Wednesday, June 30, 2010


My first impression on my visit to Hahndorf Hill was one of disappointment. Disappointment that their superb, award winning restaurant has been closed down in favour of a chocolate tasting area (since September supposedly). Other than that however, the entire experience at Hahndorf Hill remains as enjoyable as ever.

On arrival at the tasting bench we were greeted by South African owner/winemaker Larry Jacobs, who charmed his way through their entire range with us, with the professionalism and striking personality of a seasoned veteran. Being South African we felt it natural to discuss World Cup soccer and enjoyed joking about the Kiwis with him (we drew the first game, then the second, and oh yes, we finally drew the third!), while the group I was with presented a round of applause to the charming Larry when he told us of his refusal to sell Hahndorf Hill wines through Woolworths owned outlets. Although I must mention, Larry's sample pours were decidedly skint!

As has become the norm at Hahndorf Hill, their present range of wines is highlighted by one of the Adelaide Hills' most delicious, distinctive chardonnays (defined by lovely, clear butterscotch characters for the second straight release) as well as delightfully spicy, fine and rich regional shiraz. In my opinion Hahndorf Hill remains one of the Adelaide Hills' most underrated makers of both shiraz and chardonnay. There's also a savoury, dry and unique rose made from trollinger and lemberger grapes (which gets released with a year's bottle age) plus one of the Hills' better sauvignon blancs in Hahndorf Hill's collection.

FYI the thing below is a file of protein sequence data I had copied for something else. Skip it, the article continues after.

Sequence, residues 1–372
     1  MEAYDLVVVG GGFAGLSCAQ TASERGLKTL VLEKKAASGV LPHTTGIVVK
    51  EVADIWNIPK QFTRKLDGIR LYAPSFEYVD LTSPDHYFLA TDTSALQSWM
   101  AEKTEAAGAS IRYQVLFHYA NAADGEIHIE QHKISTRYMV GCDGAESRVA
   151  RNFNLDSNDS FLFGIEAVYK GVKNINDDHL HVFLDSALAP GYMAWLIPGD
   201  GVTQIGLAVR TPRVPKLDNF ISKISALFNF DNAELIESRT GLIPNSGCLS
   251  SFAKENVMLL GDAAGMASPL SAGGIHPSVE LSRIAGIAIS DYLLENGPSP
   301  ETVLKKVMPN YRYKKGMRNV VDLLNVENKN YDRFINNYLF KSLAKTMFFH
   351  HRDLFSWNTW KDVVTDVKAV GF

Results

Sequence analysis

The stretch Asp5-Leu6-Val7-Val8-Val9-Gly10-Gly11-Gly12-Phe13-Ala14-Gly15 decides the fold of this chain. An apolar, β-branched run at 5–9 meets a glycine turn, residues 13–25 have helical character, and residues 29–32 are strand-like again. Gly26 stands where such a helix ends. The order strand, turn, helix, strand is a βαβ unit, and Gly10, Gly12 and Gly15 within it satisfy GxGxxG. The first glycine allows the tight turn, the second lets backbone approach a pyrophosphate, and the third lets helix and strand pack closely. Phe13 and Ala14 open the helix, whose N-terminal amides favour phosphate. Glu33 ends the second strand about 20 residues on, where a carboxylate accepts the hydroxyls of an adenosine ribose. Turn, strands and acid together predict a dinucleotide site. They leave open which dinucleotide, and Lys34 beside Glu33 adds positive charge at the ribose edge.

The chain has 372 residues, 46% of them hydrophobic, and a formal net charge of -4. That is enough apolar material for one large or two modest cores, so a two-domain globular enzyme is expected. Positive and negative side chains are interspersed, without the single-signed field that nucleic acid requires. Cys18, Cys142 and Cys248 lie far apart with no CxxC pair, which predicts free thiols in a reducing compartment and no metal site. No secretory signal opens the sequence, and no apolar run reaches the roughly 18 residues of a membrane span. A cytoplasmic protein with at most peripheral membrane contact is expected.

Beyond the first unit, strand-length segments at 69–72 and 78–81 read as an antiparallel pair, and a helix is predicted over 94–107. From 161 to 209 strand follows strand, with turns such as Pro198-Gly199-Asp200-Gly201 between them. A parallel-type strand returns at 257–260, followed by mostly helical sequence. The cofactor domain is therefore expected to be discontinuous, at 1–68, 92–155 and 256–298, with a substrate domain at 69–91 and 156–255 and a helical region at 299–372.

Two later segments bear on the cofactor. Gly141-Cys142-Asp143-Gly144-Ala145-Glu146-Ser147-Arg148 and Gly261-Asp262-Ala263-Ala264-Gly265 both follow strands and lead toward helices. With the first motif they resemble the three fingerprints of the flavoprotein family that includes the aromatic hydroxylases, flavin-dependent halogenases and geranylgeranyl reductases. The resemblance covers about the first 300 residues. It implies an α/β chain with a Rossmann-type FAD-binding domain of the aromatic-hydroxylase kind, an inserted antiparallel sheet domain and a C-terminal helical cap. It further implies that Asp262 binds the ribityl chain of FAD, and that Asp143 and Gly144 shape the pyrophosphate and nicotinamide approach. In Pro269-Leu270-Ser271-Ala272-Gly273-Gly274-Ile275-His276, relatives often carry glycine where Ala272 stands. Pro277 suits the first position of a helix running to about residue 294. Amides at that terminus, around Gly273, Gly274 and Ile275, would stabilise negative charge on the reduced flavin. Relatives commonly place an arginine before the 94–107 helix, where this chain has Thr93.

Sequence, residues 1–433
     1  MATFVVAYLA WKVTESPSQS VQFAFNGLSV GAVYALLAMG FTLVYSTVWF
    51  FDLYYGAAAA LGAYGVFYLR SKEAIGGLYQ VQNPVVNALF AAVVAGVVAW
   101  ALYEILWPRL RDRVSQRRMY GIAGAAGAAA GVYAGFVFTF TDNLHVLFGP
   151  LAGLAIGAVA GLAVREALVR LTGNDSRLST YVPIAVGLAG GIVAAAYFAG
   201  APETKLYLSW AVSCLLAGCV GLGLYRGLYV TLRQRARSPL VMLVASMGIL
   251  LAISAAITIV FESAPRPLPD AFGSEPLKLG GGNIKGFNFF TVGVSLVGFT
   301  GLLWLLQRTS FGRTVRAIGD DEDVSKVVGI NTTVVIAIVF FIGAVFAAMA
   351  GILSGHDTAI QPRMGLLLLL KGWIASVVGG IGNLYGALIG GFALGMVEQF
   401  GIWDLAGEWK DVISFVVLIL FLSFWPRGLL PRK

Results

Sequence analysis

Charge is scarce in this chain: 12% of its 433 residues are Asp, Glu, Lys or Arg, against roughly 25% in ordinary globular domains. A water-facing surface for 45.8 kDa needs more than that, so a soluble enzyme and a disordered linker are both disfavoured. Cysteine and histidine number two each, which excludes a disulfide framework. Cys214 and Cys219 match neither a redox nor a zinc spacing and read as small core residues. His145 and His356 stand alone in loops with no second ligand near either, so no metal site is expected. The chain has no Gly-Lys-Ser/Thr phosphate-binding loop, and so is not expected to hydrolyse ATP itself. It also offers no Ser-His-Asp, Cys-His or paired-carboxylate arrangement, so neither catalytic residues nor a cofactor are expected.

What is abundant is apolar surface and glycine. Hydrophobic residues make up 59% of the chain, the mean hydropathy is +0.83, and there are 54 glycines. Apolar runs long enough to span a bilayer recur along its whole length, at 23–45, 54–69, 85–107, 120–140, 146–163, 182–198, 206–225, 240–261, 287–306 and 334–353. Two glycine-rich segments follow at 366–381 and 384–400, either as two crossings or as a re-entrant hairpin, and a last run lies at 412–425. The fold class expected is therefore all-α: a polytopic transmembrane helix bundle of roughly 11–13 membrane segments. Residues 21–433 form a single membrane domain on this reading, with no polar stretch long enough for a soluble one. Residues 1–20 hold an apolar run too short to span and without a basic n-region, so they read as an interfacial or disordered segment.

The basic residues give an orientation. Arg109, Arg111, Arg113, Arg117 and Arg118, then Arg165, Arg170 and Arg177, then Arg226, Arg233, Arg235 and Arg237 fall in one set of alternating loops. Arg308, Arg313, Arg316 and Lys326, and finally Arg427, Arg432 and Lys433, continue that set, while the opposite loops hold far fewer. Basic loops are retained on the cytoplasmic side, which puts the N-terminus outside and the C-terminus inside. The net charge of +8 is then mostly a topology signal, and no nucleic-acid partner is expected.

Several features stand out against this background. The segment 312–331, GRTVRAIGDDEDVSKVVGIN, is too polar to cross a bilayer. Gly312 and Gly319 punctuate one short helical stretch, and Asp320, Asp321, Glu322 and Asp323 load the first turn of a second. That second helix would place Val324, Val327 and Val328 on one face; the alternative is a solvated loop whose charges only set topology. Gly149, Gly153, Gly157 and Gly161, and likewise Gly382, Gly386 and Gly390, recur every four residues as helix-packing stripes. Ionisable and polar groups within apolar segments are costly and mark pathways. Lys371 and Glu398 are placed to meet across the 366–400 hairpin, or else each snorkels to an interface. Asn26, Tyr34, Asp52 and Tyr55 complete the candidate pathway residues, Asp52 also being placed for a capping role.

Wine snoffs out there with a liking for the Austrian grape gruner veltliner will be interested to hear Hahndorf Hill now has that grape under vine too. Larry informed us he'd just finished bottling his first vintage (2010), however, the wine has already sold out through pre-sales to his loyal customer base. Looks like I might have to wait till the 2011 release, for which, Hahndorf Hill's website is already taking expressions of interest. Larry's goal is to make a light-medium bodied style gruner veltliner (or groo-vy as he affectionately titles it - there's one for savvy drinkers to snap at!) which reflects a wine with spicy, gris-like character and riesling-like acidity.

I've written up a separate post on Hahndorf Hill's Vino-Choc chocolate and wine tasting below, because I feel it's quite an interesting, educational and unique experience, which is well worth the time for people with a serious interest in wine and food.

All up there's a lot to like about this enterprising, genuinely boutique little winery.

Hahndorf Hill tasting notes are posted below

Hahndorf Hill Rose 2009 ($22) Even though I'm a self confessed non-rose drinker, I always find time to taste Hahndorf Hill's, which is an unusual blend of the red grapes trollinger and lemberger. The 2009 is light, dry and savoury in a good food-pairing sense, but I still found that hint of dirty, candied acids which I so detest in rose. Personally I'd love to see the maker make more trollinger or lemberger as a single varietal red wine. Now that could be interesting! 85

Hahndorf Hill Sauvignon Blanc 2009 ($22) Usually one of the Hills' best yet least heralded savvys. The 2009 is no exception. Its nose doesn't jump out of the glass, but the palate thankfully delivers a smooth, luscious and smartly richer expression of gooseberry and lime flavours framed by the necessary refreshing acids. 90